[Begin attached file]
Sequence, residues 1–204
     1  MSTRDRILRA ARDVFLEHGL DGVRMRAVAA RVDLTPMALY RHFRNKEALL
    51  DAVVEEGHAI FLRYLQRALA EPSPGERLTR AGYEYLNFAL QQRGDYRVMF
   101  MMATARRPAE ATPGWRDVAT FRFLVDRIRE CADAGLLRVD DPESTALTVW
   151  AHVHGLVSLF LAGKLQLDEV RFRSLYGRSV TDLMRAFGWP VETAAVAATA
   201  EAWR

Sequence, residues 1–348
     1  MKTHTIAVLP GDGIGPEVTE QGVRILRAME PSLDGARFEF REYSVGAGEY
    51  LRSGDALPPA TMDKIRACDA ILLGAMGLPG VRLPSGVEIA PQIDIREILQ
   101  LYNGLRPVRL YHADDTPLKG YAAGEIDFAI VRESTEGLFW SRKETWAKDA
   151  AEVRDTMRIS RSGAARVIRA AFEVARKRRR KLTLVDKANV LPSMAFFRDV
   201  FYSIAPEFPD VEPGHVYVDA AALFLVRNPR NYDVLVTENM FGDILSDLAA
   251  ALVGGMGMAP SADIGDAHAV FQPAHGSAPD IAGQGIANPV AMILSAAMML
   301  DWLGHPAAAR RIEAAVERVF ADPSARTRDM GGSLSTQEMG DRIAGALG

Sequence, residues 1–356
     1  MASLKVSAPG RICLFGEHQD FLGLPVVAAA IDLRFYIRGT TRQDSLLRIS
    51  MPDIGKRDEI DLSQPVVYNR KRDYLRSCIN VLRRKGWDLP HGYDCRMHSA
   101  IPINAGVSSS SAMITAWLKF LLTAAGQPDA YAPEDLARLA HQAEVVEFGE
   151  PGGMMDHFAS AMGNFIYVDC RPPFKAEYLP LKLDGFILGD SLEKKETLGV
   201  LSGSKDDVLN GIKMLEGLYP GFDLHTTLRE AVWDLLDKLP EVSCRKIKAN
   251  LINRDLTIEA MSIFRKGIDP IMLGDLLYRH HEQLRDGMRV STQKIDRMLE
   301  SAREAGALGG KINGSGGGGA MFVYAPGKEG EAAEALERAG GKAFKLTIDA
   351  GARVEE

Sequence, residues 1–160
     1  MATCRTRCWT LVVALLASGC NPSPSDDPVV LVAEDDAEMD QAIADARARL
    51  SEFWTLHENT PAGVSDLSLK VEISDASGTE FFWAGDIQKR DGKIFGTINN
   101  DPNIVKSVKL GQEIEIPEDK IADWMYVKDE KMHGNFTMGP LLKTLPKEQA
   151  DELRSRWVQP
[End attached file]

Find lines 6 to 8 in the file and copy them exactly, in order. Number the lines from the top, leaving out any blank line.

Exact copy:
   201  EAWR

Sequence, residues 1–348
     1  MKTHTIAVLP GDGIGPEVTE QGVRILRAME PSLDGARFEF REYSVGAGEY